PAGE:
It was in the 1950s that London’s Indian population really began to grow, with further influxes in the 1960s and 1970s, often from Africa rather than from India itself.
In the Second World War, two and a half million Indian men (yes, two and a half million) signed up to fight for Britain against the Nazis and the Japanese – the biggest volunteer army in the history of the world, now shamefully forgotten in both Britain and India. Indian troops (admittedly including fighters from what are now Pakistan and Bangladesh) made a huge and vital contribution to the Allied war effort. Behind the scenes, and behind the lines, one of Britain’s top spies in occupied France was Noor Inayat Khan, a descendant of Mysore’s great hero Tipu Sultan. Betrayed to the Nazis, she was sent to Dachau, where she was shot in September 1944. A bust in Gordon Square, near her Bloomsbury home, commemorates her.
After the War, with a labour shortage in Britain, and low wages on the Subcontinent, Indian immigrants started coming over, particularly from Gujarat, Punjab and Bengal, always the mainstays of the Indian diaspora. Many came to work in the newly-created NHS, others in the textile industry. Under the British Empire, many Indians had migrated to East Africa – again mostly Punjabis and Gujaratis (Gujarat indeed had trade links with East Africa which went way back, probably into the BCs) – but as countries like Kenya and Tanzania gained independence, East African Indians increasingly felt their position less secure, and many moved to London and other parts of Britain.
In Uganda, their worst fears were confirmed in 1972 when then-dictator Idi Amin expelled the country’s entire Asian population (a stupidly racist act, which seriously damaged Uganda’s economy). Coming over as refugees with almost nothing, many Ugandan Indians set up as small shopkeepers. Working long hours for small gains, with whole families pitching in, they were among London’s lowest-paid workers in terms of per-hour rates, but a generation later that work paid off, as many of their children went to college, joined the middle class, and often managed to do pretty well for themselves.
From around 3,000–4,000 in 1931, London’s Indian population reached 542,857 (6.6% of the total) in the 2011 census. Punjabis and Gujaratis are the biggest contingents, but most Indian regions are represented here to some extent. Religion-wise, 64% of Indian Londoners are Hindu, and 27% Sikh, but it’s less well-known that around 20% of London Indians (as opposed to Pakistanis or Bangladeshis) are Muslim, including around a fifth of Gujarati Londoners. London also has more than a few Indian Christians (mostly Goan or Keralan), probably some 15,000 Jains, around 5,000 Parsis (Zoroastrians, responsible for dhansak curries), and even some Indian Jews.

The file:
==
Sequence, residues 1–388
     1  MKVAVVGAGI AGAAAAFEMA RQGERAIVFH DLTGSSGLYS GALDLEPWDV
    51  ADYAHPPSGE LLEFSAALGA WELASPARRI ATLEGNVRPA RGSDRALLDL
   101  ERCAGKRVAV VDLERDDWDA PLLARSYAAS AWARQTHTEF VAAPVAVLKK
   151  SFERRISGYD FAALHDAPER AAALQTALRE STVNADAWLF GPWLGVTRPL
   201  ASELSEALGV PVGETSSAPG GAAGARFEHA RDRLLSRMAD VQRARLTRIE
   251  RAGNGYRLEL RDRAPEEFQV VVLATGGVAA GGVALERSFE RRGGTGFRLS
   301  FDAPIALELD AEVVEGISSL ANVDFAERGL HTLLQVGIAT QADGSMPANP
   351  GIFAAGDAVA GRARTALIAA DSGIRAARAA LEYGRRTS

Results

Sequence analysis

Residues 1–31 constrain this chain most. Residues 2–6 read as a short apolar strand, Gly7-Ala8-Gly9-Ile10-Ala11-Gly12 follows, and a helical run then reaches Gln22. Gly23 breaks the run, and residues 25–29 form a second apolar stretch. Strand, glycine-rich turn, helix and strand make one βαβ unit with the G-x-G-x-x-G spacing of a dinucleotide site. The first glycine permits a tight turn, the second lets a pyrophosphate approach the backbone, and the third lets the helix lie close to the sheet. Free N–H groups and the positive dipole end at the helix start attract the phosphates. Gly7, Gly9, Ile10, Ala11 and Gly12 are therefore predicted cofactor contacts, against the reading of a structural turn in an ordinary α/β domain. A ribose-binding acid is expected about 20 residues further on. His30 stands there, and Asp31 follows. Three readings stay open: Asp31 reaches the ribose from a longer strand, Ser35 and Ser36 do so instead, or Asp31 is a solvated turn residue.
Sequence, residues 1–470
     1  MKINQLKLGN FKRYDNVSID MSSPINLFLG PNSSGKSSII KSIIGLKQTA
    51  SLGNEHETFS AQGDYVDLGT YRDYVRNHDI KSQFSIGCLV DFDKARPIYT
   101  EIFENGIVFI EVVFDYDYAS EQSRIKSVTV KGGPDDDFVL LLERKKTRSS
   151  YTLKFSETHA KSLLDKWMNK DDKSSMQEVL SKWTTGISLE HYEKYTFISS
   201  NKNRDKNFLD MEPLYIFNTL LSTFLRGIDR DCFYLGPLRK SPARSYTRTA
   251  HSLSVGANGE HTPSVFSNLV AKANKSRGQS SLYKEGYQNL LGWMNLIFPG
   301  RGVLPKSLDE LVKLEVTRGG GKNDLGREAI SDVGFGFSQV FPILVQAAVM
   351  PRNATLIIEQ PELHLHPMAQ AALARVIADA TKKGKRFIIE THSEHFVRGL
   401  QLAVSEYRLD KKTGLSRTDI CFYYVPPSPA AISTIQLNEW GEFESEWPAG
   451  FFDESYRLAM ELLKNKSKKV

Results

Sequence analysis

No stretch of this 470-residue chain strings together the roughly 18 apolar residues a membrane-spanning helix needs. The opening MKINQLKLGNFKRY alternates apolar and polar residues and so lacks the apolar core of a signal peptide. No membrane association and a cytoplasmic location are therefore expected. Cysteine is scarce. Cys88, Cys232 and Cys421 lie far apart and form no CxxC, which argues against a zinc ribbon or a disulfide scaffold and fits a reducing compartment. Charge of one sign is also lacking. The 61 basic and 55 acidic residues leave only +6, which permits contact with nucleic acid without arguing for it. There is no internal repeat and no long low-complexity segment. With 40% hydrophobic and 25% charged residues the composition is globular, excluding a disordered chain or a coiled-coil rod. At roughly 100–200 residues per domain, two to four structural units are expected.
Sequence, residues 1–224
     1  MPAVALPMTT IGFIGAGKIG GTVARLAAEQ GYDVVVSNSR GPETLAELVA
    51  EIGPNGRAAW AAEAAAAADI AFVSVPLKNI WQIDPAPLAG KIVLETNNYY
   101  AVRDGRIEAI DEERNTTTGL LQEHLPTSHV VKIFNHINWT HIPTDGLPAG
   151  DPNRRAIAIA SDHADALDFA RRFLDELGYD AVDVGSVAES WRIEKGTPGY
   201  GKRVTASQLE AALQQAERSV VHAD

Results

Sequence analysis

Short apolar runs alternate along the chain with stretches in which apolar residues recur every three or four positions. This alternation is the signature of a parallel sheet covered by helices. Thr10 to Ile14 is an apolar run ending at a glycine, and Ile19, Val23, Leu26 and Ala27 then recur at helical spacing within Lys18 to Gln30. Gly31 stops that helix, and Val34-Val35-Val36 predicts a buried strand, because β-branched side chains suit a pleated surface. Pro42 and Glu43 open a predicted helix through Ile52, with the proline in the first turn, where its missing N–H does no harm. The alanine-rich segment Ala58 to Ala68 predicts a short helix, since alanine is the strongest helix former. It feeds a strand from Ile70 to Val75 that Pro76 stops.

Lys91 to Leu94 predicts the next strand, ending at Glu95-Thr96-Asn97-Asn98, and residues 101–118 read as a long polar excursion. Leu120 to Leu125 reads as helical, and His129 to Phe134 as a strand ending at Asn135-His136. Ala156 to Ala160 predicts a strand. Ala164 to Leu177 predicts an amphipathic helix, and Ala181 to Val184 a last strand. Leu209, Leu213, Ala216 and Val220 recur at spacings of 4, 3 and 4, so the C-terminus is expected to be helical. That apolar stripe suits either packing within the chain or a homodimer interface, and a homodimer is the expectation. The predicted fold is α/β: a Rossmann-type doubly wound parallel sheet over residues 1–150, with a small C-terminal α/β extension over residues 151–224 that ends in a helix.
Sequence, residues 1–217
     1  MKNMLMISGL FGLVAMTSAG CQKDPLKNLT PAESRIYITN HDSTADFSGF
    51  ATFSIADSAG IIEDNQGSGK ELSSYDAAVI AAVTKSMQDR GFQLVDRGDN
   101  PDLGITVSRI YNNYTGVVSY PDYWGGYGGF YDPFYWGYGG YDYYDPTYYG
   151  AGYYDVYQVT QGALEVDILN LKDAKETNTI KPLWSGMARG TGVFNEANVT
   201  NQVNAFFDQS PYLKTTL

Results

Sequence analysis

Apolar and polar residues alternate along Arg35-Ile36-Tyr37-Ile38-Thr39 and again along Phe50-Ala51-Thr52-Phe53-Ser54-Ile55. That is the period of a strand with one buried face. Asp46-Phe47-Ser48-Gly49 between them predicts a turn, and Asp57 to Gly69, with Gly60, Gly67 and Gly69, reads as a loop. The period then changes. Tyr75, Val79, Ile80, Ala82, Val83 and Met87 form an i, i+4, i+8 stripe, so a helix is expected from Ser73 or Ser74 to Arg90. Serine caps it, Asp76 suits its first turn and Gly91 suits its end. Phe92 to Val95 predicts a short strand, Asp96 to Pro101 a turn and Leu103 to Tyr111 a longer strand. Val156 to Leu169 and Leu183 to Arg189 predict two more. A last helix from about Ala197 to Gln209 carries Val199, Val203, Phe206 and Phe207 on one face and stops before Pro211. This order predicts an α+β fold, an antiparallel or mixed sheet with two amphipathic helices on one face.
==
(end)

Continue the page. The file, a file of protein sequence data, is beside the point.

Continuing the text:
Although there’s still an Indian presence in the East End, that area nowadays is more specifically associated with Bangladeshis. Indian communities in east London are denser now in areas further out, such as East Ham and Ilford, and in south London there’s a notable Indian presence in Tooting, but the biggest concentration of Indian Londoners is in the west, and in particular in the boroughs of Hounslow, Hillingdon, Ealing, Brent and Harrow.
The first Hindu temple in London was that of the Hare Krishnas, now in Soho Street, which first opened in Bloomsbury in 1969. The first fully consecrated Hindu temple, was the Shree Ghanapathy Temple in Wimbledon, but that was actually opened (in a former Presbyterian church in 1981) by a group of local Sri Lankans. The Indian Hindu community who have been most active in opening temples here are the Shri Swaminarayans, who follow the teachings of an eighteenth-century Gujarati yogi named Sahajanand Swami. Their most famous temple is of course the magnificent one in Neasden. Beautifully crafted using only traditional materials and techniques, it’s the biggest Hindu temple outside India. And in fact, London also has the biggest gurudwara (Sikh temple) outside India, which is located (naturally) in Southall.
Though any London neighbourhood will have an Indian presence of some sort, specific communities are particularly associated with certain areas – Gujaratis with Wembley, Punjabis with Southall, South Indians with East Ham, and so on. But that shouldn’t be exaggerated. In Southall, for example, the station sign is in Punjabi as well as English, but in 2007, the privatized train operators took it down following complaints. The objections didn’t come from the White community (who it seems were quite proud of the sign), but from non-Punjabi Indians, who felt it ignored the diversity of local Asian communities. As the train company said, implicitly recognizing that diversity, “It would be impossible to provide station signage for every language.” After further protests however, they restored it, and Southall remains the only station in London, other than St Pancras International, to have its signs in two languages.